The Great Escape

One of the things that fascinated me as a kid – from about fifth grade through high school, at least – was escapes from places like POW camps, concentration camps, and the like.

I’m not sure what fascinated me so much about them; perhaps because they were the ultimate “do-it-yourself” job; putting together the means and resolve to break out of a closely-guarded prison deep in the middle of hostile territory, with little on ones’ side in the way of materials or supplies – nothing, indeed, but the scraps around you and whatever your ingenuity could make of them.

I read many of these stories when I was a kid; Escape from Colditz by P.R. Reid, about the men who resolved to break out of the “escape-proof” Colditz Castle.  More fascinating still, Paul Williams’ The Wooden Horseone of the most improbable sounding ones of all; British prisoners at a camp in German/Polish Silesia built a wooden vaulting horse, which dozens of POWs used for daily exercise.

Scene from the British film version of “The Wooden Horse”. Yes, this happened.

Inside the horse were two men.  The other POWs carried the horse to the exact same spot in the middle of the compound every day, above a concealed trap door under the sandy topsoil.  The men inside dug first down, and then under the wire, every day for eight solid weeks on end – and then were carried, complete with their load of excavated sand, back to the barracks at the end of the shift.  Finally, the three men involved – Williams, Michael Codner and Oliver Philpot – completed the tunnel, and made their break.

Another scene from “Wooden Horse”. Not a matter for claustrophobics.

Incredibly, all three made it back to safety; Williams and Codner via Denmark and Sweden, and Philpot to Switzerland.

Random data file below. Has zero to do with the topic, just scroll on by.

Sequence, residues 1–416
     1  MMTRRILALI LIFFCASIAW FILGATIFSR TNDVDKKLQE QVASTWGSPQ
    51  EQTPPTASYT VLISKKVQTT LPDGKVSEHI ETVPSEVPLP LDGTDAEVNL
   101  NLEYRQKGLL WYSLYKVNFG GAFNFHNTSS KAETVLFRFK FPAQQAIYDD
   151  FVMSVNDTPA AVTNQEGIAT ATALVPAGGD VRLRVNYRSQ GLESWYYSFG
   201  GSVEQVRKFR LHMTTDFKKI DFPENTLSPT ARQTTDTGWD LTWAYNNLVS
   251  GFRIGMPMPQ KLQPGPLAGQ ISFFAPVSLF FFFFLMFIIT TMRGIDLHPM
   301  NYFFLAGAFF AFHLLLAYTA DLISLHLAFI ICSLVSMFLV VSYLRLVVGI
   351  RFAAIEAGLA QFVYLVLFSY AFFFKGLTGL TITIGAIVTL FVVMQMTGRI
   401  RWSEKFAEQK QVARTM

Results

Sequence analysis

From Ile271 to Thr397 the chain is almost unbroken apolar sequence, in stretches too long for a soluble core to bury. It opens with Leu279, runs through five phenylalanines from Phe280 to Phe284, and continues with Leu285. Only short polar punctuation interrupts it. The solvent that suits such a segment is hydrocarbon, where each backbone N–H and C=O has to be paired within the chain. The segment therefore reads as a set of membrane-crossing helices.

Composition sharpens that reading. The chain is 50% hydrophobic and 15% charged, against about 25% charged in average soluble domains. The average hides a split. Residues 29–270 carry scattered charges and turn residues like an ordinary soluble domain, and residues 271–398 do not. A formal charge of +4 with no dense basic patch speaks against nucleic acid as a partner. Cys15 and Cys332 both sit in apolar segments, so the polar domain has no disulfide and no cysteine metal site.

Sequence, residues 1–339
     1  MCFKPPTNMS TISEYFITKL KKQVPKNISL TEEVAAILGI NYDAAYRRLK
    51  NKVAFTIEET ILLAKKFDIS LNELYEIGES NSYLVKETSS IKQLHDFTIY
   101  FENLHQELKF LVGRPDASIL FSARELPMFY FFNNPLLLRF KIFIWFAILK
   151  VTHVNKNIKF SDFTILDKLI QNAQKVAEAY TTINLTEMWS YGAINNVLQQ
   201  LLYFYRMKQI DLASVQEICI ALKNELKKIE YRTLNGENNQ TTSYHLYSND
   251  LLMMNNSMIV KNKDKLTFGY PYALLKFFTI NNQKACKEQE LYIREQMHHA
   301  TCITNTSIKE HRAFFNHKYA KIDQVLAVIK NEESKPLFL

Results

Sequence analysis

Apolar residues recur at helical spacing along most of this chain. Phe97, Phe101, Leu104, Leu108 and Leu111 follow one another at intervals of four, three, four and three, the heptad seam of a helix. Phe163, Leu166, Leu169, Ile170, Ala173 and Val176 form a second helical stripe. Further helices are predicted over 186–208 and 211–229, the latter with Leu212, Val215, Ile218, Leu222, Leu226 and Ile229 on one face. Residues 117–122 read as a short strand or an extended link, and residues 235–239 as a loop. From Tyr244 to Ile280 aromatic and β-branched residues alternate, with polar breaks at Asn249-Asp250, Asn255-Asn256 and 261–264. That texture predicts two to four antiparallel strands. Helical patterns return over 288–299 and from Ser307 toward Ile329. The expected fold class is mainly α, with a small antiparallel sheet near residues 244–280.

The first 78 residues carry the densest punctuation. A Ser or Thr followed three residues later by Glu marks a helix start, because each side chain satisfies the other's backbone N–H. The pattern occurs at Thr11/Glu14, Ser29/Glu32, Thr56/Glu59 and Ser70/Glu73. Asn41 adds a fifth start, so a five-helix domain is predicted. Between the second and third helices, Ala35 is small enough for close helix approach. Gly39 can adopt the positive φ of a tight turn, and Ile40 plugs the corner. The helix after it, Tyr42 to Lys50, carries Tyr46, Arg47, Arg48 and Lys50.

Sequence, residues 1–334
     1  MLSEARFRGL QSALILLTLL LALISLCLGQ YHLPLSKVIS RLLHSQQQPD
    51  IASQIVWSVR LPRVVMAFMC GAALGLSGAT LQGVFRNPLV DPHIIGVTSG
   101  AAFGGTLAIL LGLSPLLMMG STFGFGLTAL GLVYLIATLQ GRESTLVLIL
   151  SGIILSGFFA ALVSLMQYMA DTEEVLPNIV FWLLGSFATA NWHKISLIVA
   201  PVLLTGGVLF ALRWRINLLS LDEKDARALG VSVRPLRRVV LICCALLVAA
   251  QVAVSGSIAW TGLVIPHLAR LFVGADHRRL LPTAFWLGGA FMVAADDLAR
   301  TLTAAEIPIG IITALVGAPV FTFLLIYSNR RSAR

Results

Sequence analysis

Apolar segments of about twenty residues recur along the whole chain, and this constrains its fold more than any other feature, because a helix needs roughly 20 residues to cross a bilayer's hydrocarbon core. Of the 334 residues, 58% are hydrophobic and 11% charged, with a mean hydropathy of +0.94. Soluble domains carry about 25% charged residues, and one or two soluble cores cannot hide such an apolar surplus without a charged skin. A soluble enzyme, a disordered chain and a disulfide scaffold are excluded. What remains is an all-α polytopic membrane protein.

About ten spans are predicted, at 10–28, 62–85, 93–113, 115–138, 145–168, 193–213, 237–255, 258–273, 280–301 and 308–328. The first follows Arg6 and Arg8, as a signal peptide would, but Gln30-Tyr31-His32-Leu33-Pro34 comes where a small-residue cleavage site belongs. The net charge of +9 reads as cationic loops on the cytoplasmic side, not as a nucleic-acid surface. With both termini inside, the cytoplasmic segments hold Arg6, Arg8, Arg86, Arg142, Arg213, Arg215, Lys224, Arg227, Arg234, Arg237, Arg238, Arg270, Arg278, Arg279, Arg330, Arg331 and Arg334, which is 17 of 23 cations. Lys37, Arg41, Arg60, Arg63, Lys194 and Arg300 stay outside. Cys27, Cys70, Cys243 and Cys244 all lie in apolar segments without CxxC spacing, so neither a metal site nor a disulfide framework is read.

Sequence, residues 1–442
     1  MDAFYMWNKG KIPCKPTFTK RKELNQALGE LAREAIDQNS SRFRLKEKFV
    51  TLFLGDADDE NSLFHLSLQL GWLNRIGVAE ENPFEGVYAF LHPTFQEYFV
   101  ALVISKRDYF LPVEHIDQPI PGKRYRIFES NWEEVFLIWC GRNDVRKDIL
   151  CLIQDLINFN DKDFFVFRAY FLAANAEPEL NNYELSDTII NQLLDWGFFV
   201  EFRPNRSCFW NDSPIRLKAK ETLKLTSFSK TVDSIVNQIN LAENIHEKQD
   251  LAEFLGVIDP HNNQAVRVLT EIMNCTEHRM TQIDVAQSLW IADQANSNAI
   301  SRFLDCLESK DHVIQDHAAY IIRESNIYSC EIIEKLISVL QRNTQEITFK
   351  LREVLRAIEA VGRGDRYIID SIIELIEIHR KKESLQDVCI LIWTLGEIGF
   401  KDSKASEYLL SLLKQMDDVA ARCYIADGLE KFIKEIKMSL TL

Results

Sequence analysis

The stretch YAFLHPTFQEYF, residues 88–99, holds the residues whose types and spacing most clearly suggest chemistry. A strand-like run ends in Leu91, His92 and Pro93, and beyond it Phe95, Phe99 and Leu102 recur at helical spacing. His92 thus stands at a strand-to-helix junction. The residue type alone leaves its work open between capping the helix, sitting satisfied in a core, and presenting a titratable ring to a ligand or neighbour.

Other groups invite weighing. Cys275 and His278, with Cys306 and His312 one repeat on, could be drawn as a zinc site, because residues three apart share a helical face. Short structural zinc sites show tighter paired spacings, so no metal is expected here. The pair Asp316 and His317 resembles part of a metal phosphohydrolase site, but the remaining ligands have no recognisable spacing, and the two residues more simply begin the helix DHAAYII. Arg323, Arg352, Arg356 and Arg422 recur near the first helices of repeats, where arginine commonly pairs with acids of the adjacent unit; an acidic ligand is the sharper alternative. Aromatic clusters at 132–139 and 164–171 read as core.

Perhaps it’s my trait of rooting for underdogs – but I’ve always been fascinated by these stories.

One thing that amazes some people – who know that most of what Hollywood peddles as “history” is utter BS – is that the movie The Great Escape, the early-sixties classic starring Richard Attenborough and Steve McQueen and “based on a true story”, actually is not all that loosely based on a real escape.

And it happened seventy years ago tonight.

And in some ways, the story was more incredible than the movie could have portrayed.

During World War 2, the lot of the Prisoner of War is hard to explain to people whose entire frame of reference is the horror stories of the Vietnam and Korean wars, to say nothing of the Holocaust.  That was due to a curious throwback that still held general force during World War 2 – the idea of the “Laws of War”, ground rules that “civilized” powers agreed to abide by, even as they were making hamburger out of each other on (and, during WW2, hundreds of miles behind) the “battlefield”.

One of those laws; prisoners of war must be treated humanely and according to at least the broad outlines of military discipline.  The rules – spelled were clearly-cut; “prisoners of war” were members of organized national militaries, captured while on military operations at “the front” or – especially during the early years of World War 2 – after bailing out over enemy territory.   They couldn’t be killed (provided they’d “laid down their weapons”), held hostage, subjected to any indignities or extrajudicial punishments without due process of law, or subjected to excessive forced labor (enlisted prisoners could be compelled to some, non-excessive manual labor; officers were exempt).  Torture – or any especially aggressive efforts to get more than names, ranks and serial numbers from POWS – was right out (although POW interrogators were incredibly devious about getting information via permitted means).